I lived for myself. I lived without a Soul.
I died in a gun fight for money I stole.
As I lay on the ground shot twice in the head,
I knew it was over and soon I’d be dead.
Under the streetlight I lay fatally hit.
I felt the change coming and I knew this was it.
Inside my casket I lay in my grave.
Fear let me know I’d soon be a slave.
Then all of a sudden the world broke through
And I fell down to someplace full of fire and I knew
I was locked here forever in the chambers of Hell
Fire rose around me, burning flesh I could smell.
Ripping and tearing, flames bit at my skin.
I knew I was paying for robbery, my sin.
Satan stands watching the losers inside.
The fire keeps on burning; there’s no place to hide.
Torture keeps you moving as you do your fire dance.
There’s no God in Hell and there’s no second chance.
November 23rd, 1971

I spent around four years in prison for what I did. I was 22 years old when they released me.

Photo by Ivy and Tweed

Max, Parker, and Music first got me thinking there could be a God. God put them in my life at the right time and helped me realize that the consequences of my actions not only affected me, but others too. The thing both Parker and Music said to me, “You’re a young man, John. You’ve got your whole life ahead of you. Find something you’re good at and apply your self. It’s not too late.” spurred me on to writing poetry which later turned into songs. I tried to get into prison ministry right after I became a believer in 1983. I eventually got blocked because of my record. Typically you get out of prison, serve your parole, then three years later they clear you to reenter as a volunteer. With me, it took over thirty years because of my record. We robbed a lot of places and for years after my release they would check up on me every time a bank was robbed.

It took thirty years, but we now run a prison ministry called Unshackled Spirit. We team up with different ministries depending on what state we’re in and I share my testimony with the inmates. In prison, their goal is to get you to fit in. The Bible says, “Be not conformed to this world, but be transformed by the renewing of your mind.” One thing we tell the inmates during prison ministry now is this:

If you’ve ever watched a bricklayer, you know they show up to a job, climb up to the top of a wall, and go to work while laborers bring them bundles of bricks. They slap down mortar and line the bricks up with a ruler. If you have a good eye and good math skills, you can be a bricklayer.
On the other hand, a stonemason shows up on the job site, goes over to a pile of rocks, and starts sorting them. Then he takes a hammer, whacks off the sharp edges, and finds the best place for them to fit together.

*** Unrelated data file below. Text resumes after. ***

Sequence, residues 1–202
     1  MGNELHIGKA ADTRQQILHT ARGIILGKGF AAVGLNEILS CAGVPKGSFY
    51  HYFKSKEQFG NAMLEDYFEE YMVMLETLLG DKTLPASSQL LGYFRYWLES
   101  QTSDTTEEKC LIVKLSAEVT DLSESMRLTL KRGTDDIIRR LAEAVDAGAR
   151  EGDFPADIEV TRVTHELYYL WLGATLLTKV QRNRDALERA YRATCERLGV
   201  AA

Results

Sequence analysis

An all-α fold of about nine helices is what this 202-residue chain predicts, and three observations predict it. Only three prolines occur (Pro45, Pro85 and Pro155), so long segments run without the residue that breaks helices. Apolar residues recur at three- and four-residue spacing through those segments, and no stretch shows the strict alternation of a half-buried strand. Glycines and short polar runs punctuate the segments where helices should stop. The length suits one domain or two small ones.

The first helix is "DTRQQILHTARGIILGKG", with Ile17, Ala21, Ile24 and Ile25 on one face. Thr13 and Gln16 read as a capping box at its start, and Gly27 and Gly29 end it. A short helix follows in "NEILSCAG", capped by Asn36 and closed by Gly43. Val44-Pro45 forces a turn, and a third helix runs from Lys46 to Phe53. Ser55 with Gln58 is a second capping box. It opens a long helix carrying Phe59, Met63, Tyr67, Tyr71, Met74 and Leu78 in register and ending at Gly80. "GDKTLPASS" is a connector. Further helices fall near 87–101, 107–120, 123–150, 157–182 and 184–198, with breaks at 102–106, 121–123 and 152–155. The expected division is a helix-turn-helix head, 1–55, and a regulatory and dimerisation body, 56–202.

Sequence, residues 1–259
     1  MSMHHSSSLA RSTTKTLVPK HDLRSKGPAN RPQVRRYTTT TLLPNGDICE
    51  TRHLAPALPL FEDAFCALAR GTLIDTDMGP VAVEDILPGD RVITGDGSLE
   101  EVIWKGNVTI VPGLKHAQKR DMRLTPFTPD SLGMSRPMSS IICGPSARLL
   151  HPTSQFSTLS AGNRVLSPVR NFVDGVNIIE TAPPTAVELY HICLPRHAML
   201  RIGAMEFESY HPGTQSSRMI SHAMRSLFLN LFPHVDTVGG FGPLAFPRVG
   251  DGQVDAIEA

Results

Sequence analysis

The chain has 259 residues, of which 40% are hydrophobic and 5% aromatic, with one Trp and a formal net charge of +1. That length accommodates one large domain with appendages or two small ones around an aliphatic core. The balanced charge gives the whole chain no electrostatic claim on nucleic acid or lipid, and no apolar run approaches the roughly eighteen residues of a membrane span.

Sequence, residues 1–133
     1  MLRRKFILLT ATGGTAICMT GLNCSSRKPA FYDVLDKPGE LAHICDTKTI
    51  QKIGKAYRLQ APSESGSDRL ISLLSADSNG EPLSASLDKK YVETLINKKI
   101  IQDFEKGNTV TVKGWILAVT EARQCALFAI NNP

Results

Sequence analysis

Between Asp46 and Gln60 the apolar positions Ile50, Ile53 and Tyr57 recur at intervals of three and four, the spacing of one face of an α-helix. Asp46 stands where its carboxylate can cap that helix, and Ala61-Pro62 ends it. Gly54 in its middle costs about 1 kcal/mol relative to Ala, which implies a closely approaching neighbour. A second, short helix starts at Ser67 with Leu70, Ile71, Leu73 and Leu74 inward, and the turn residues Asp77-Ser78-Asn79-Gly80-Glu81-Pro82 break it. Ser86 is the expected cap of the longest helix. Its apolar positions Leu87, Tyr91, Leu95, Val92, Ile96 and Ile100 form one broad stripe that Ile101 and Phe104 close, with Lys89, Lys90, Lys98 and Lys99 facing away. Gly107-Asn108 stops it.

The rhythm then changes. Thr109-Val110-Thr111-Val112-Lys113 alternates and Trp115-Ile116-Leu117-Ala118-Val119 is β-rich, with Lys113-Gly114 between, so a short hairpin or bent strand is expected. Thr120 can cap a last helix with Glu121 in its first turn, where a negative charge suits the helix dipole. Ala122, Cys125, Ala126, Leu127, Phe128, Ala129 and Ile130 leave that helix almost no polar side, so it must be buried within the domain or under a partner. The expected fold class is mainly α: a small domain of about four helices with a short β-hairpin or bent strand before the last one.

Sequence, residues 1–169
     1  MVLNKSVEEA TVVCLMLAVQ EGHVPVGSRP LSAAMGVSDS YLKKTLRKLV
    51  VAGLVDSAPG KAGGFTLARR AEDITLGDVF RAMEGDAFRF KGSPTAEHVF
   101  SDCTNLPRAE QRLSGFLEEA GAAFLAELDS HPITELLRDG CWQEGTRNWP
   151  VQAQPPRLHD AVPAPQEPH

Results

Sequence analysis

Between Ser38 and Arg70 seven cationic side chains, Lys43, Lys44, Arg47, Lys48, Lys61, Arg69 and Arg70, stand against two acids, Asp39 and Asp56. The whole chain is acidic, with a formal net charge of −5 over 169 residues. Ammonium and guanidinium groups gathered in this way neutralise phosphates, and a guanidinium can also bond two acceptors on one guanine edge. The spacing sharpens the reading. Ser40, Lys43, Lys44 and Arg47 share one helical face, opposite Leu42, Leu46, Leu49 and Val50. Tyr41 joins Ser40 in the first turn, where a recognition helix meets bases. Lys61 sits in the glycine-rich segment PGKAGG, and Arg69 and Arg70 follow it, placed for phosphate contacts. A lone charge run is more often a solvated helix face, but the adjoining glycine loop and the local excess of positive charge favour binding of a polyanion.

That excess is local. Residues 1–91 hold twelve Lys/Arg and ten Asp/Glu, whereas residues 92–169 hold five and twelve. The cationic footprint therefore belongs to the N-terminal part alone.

Everywhere, there are these beautiful brick walls where everything is straight and perfect. Every brick is the same. But a rock wall is made up of different, carefully shaped rocks. The stonemason has taken all the rocks and made a piece of art with them. You see, it’s the guards’ and the warden’s jobs to make inmates look like bricks. But God says, “Stop trying to fit in when I clearly made you to stand out.” We are not called to fit in with the bricks because we are not bricks; we are different. The Bible says we are living stones in His hands and He can make something beautiful out of us. We have a choice in prison: we can let God whack the sharp edges off of us to become a piece of beautiful art or we can just lay around in the yard and be rocks. It’s our call. Which do you want to do?

That’s what I say to them because that’s what God has said to me. I’m not Presbyterian, I’m not Baptist, I’m not Methodist, and I’m not any of those other things. I’m a different breed, but I’m a different breed for God. God told me not to try and be a brick, because I never will be. So now I use every aspect of being a rock for Him.

Photo by Ivy & Tweed

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John and his wife Raylene run Cross & Clef Ministries. Under that, they created Unshackled Spirit, a ministry geared towards reaching those on the fringes of society: the homeless, the bikers, and the prisoners. Last year, John released the first part of his biography called Shackled: Confessions of a Teenage Bank Robber. The book goes into detail of his time spent in prison and includes personal journal entries. His sequel will be released sometime next year.

You can email John at
Photos by Ivy and Tweed

2 thoughts on “John

  1. This is an amazing book that is thrilling to read and hits you on a personal level when hearing John’s testimony and life experiences. An amazing man and an amazing story. Read it.